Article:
India, 1986

He laughed too he did, that damned stranger with the beard. Oh yes, just like the rest of them do. Pointed me out to his friends and laughed at me. Me! I was made famous by discerning documentary makers from the BBC, you know. That means something here in India, you know.

Thar desert trek, MAdia the camel 0001.JPG

He was on me for four days, this bearded one, along with twenty rupees worth of hay, some firewood, two sacks of provisions and some of the cakes of demerara sugar that Hasan, my handler, gives me when I’m tired. I also carried the chillum (pipes) and bhang (hashish) which Hasan uses when he gets tired!

The stranger laughed at me, so I was extra-crotchety and gave him a really tough time as we spent 6 hours a day trekking across the Thar desert near Jaisalmer. I stopped when I wanted, I went slow, I wandered off to look for grass, I growled continuously. Oh, he did everything fine, just as Hasan told him. ‘Twist back his neck with the halter; put your foot there; get up now; pull on that rope there to get him up; make a ‘tcha’ sound….’. Yes, he did it right but so what: like all camels I am arrogant. And I’ve also been crotchety from an early age and I do what I want. And I was a star on the BBC!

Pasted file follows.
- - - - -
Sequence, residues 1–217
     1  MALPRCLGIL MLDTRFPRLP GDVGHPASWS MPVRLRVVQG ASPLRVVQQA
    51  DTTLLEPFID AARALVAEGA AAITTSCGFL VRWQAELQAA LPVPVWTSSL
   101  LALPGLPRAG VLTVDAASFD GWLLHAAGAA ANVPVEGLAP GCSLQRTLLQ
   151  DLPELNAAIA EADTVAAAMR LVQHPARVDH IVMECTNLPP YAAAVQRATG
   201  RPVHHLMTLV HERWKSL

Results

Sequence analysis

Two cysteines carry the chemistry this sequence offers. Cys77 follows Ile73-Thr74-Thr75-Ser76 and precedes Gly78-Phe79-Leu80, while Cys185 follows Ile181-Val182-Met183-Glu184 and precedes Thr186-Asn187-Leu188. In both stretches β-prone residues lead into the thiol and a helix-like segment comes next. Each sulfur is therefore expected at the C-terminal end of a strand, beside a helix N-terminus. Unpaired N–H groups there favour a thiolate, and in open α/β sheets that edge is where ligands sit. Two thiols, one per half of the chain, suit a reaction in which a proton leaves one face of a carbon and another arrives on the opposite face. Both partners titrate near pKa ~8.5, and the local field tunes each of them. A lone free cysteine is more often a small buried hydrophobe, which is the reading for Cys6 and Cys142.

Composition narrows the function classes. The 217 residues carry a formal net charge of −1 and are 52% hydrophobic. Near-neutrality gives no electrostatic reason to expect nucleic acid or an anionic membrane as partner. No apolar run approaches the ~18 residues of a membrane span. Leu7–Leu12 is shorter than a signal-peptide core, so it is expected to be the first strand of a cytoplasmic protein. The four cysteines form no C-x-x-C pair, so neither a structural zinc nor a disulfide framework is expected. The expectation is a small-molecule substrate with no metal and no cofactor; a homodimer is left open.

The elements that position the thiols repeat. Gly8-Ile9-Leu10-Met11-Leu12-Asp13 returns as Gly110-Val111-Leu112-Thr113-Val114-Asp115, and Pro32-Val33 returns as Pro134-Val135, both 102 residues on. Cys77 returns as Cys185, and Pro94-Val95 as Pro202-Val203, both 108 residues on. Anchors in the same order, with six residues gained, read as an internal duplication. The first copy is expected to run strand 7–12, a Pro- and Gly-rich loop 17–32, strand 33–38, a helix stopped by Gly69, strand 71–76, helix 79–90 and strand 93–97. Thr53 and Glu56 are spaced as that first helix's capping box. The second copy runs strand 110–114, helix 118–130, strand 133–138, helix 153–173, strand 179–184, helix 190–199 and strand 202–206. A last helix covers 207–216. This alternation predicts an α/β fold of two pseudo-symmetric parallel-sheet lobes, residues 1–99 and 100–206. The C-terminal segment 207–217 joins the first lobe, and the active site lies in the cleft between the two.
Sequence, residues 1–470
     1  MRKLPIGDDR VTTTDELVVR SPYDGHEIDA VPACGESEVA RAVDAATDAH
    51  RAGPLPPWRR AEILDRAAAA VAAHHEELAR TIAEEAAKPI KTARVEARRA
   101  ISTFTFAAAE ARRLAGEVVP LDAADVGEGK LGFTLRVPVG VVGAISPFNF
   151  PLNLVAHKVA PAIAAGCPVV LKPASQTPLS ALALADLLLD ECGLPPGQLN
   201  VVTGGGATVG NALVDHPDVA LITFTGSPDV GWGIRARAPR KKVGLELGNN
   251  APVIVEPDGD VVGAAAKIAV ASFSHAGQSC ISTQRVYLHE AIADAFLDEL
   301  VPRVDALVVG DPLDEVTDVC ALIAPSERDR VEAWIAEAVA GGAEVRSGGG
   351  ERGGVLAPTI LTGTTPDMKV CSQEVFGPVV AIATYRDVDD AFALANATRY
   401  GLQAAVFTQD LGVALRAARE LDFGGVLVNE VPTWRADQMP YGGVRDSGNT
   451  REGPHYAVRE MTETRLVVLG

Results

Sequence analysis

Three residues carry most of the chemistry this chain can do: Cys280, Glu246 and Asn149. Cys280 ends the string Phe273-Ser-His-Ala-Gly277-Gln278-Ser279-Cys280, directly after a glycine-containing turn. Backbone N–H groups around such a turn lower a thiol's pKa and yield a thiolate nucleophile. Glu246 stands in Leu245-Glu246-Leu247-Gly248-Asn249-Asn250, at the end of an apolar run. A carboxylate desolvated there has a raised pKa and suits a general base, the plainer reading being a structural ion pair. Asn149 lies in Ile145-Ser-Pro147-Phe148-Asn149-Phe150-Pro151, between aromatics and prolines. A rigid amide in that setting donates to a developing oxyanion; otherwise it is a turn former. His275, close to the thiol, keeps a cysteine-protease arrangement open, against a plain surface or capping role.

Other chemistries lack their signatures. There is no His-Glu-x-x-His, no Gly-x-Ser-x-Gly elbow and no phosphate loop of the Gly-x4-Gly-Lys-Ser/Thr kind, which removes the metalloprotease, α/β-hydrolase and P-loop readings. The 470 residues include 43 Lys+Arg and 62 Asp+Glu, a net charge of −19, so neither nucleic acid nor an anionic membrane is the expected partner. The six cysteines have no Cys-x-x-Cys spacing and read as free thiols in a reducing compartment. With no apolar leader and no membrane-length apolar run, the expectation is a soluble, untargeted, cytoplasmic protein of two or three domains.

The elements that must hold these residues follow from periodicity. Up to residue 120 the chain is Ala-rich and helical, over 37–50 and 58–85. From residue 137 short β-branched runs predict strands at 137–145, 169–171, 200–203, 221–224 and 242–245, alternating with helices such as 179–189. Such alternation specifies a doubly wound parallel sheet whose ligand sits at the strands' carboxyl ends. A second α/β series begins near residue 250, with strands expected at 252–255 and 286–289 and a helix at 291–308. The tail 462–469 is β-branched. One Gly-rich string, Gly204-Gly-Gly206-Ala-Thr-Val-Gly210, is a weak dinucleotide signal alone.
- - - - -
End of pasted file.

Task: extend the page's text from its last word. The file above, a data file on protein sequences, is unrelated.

They all took photos of me at the end of the trek. Why was it me who was hit by a truck at an early age? My lower jaw has been at forty-five degrees to my upper jaw ever since. I can’t chew so well. That’s what has made me crotchety; wouldn’t it you? Come to think of it that’s probably what made me a film star.